By Jason Wojciechowski on April 27, 2011 at 12:15 PM
By the Fangraphs Win Expectancy tables, the Angels were about just shy of 80% to win the game following Howie Kendrick's two-run single in the second inning. WE, of course, relies on historical events across all teams, not on the particular situation facing the two teams. With Jered Weaver on the mound for Anaheim1 and the A's hitting like Ty Cobb2, I might have pegged the Angels' chances of winning at more like 95%. (In fact, I forgot I wrote this, but when the Angels scored those two runs, I typed in my notes "OAK 0 ANA 2 and ballgame".)
The A's never even threatened Weaver -- they got a runner to second with one out in the second, to third with two outs in the seventh, and two runners on with one out in the ninth. That's it. Weaver had a good fastball with excellent location and a change that was at worst unhittable and at best filthy. I've been spending a lot of time this season shrugging my shoulders as the A's fail to hit really good pitchers (Felix Hernandez x 2, Justin Verlander, Weaver, Clay Buchholz, arguably Michael Pineda). Good teams, of course, don't require their fans to do this, but I'm under no misapprehensions about the 2011 A's. They're not good. They might be good enough to sneak into a division title with 87 wins if the Rangers ever stop winning, but they're not good.
Box & Notes
Coco Crisp had three line drives and a sharp ground ball, which added up to three singles. His demerit comes from having a bag stolen in the third with two outs and Daric Barton at the plate, but sliding right past the base, unable to hook it with either his hand or foot, and being tagged out. Still, I have to give him the Offensive Player of the Game3 because there aren't any other candidates aside from Hideki Matsui, who had a single and a double, but the double was more about placement (down the left-field line) than quality.
Daric Barton should have been a contender for the OPOTG, but he was robbed by the umpires twice. Leading off the fourth, he hit a fly down the left field line that Vernon Wells attempted to slide and catch. Wells missed the ball, and it was ruled foul, but replay showed that the ball landed slightly inside the line, with the umpire blocked from the play by the sliding Wells.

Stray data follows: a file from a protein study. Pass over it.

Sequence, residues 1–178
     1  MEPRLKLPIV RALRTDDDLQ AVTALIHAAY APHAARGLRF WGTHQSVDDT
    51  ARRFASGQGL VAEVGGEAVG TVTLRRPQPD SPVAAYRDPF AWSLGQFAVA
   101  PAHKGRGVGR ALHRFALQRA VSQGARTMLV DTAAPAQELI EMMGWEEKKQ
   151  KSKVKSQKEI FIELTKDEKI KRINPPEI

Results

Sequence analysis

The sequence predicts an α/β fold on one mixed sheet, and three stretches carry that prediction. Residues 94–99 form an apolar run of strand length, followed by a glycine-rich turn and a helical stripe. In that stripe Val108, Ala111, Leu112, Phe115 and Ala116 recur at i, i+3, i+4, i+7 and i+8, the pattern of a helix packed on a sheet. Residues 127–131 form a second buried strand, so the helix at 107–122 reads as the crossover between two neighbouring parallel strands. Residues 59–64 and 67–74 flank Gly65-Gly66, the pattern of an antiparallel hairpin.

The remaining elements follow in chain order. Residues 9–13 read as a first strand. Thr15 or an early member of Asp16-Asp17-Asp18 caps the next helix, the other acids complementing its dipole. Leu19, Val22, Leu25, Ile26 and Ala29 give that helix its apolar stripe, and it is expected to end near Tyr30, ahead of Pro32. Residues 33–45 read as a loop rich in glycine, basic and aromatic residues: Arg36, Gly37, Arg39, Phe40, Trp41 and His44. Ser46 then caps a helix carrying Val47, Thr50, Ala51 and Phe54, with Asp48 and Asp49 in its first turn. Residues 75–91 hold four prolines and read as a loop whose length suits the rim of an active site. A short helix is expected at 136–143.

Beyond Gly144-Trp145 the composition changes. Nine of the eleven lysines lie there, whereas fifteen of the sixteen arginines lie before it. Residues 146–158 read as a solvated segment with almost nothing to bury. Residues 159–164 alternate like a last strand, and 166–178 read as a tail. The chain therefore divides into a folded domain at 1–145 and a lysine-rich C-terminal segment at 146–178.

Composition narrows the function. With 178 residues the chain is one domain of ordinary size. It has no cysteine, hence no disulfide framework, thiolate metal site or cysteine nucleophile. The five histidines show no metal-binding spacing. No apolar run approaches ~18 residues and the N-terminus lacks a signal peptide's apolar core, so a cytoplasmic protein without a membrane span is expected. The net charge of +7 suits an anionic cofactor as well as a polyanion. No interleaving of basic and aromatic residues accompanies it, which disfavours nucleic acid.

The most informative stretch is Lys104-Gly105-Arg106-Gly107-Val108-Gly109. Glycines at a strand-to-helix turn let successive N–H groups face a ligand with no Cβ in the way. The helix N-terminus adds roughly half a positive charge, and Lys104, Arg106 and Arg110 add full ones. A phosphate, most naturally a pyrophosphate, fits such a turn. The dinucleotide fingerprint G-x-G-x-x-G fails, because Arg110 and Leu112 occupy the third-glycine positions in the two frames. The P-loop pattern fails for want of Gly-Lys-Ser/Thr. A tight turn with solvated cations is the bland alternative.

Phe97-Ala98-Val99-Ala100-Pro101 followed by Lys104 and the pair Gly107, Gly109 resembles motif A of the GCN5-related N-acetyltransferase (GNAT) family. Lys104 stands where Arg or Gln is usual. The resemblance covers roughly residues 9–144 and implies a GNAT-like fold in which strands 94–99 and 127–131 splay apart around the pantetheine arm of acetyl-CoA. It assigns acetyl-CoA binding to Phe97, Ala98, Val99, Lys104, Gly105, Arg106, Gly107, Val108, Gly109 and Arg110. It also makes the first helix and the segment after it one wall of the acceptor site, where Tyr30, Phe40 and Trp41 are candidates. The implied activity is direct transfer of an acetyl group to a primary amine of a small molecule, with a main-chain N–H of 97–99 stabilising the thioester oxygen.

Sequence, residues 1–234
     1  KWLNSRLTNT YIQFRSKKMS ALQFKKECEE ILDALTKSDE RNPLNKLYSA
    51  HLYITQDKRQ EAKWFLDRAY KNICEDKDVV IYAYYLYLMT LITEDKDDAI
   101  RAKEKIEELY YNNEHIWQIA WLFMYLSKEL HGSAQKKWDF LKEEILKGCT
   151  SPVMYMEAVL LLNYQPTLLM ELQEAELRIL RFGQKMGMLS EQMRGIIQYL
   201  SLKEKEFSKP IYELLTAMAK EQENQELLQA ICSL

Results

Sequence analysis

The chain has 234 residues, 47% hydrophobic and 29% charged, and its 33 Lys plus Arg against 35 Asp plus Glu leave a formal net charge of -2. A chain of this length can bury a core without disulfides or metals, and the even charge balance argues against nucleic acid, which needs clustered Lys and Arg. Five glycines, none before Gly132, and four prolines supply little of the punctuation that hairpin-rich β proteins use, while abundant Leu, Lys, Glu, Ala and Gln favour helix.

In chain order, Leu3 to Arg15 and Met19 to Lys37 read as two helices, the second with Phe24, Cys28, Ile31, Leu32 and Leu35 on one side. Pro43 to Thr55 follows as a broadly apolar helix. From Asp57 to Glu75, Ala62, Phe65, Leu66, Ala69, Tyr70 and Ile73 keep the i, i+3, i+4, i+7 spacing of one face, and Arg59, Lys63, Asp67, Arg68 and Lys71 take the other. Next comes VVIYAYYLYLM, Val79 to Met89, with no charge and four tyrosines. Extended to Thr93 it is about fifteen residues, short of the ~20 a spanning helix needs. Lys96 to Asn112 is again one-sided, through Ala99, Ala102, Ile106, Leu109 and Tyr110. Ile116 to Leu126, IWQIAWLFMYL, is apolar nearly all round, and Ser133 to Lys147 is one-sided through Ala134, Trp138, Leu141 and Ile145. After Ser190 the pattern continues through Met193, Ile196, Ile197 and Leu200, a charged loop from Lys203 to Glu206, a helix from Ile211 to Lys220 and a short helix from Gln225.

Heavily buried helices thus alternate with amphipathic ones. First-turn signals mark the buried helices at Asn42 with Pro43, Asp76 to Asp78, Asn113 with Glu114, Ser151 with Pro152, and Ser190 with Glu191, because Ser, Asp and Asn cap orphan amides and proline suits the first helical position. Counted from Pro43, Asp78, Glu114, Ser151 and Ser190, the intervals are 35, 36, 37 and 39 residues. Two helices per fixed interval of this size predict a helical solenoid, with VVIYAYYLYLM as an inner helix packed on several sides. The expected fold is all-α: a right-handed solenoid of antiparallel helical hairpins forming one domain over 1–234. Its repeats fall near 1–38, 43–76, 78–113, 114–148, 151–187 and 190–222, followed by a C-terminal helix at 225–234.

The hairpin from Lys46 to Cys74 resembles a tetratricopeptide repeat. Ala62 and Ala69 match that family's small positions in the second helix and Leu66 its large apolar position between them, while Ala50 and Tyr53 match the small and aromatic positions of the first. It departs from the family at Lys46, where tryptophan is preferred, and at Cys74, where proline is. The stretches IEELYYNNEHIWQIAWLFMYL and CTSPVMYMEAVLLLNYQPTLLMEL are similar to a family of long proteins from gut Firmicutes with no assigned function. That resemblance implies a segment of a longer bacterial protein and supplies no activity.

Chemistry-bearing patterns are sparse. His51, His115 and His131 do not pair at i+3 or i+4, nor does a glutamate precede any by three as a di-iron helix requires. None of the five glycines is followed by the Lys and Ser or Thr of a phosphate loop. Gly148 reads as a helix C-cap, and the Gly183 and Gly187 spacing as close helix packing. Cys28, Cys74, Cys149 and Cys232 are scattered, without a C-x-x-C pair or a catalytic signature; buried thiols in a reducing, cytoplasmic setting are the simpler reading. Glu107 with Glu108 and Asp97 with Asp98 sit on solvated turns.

Then, in the ninth, with Coco Crisp on first, Barton hit a medium-strength grounder toward the left-side hole. Erick Aybar grabbed it and made a Derek Jeter Jump Throw (TM) that just got Barton at first. Except it didn't. Once again, replay clearly showed that Barton's foot was on the bag with the ball still at least twelve inches from Mark Trumbo's glove at first base. It wasn't even one of those "the ball is really close to the mitt, but is it in the mitt yet?" plays. The ball was clearly outside. Daric Barton could use all the hits he can get right now (91 wRC+), so he's owed a couple.
Kevin Kouzmanoff saw eight pitches in his three trips to the plate and whiffed on four of them.
The first inning was just a mess, none of it Gio Gonzalez's making or unmaking. Cliff Pennington airmailed a throw over Daric Barton to allow Peter Bourjos to reach, then Kurt Suzuki threw Bourjos out stealing second despite double-clutching (Peter Bourjos!), then Bobby Abreu was called out by the home umpire on a check swing when he very clearly did not go around, and finally Torii Hunter lined a hard ball to right, but directly at David DeJesus.
Things did not really settle down from there, as the Angels scored runs in the second, third, and fourth, and nearly got one in the fifth too, except Coco Crisp grabbed a ball in the right-center alley off the bat of Vernon Wells that would have scored Torii Hunter from first had it dropped.
Michael Wuertz's almost-debut (he pitched on Opening Day before going on the DL, a fact I'd forgotten) was successful, with two strikeouts looking and a weak chopper in front of the plate. I'm happy to have Wuertz back.
Jerry Blevins walked Torii Hunter and Vernon Wells to lead off the eighth on just nine pitches, then gave up a line drive that was caught before getting a ground ball to third that Kouzmanoff turned as a 5-3 double play. Only to Kendrick did I think Blevins pitched well, getting the aggressive second baseman to foul off a fastball at the letters before hitting a slider down for the outs.
If you're new to the blog: I don't call the Angels "Los Angeles." This isn't just because I live in Los Angeles and have a weird proprietary interest in the name. I just think it's lame to abandon the city for the suburbs in the '60s and then try to claim, forty years later, that you're actually still in the city. If you want to be L.A., you can come pay L.A. taxes. ↩
Not 1917 Ty Cobb. Now Ty Cobb. The dead one. ↩
Standings: (5) Crisp; (4) Ellis; (3) Barton, Suzuki, Willingham; (2) Pennington; (1) DeJesus, Jackson, Matsui. ↩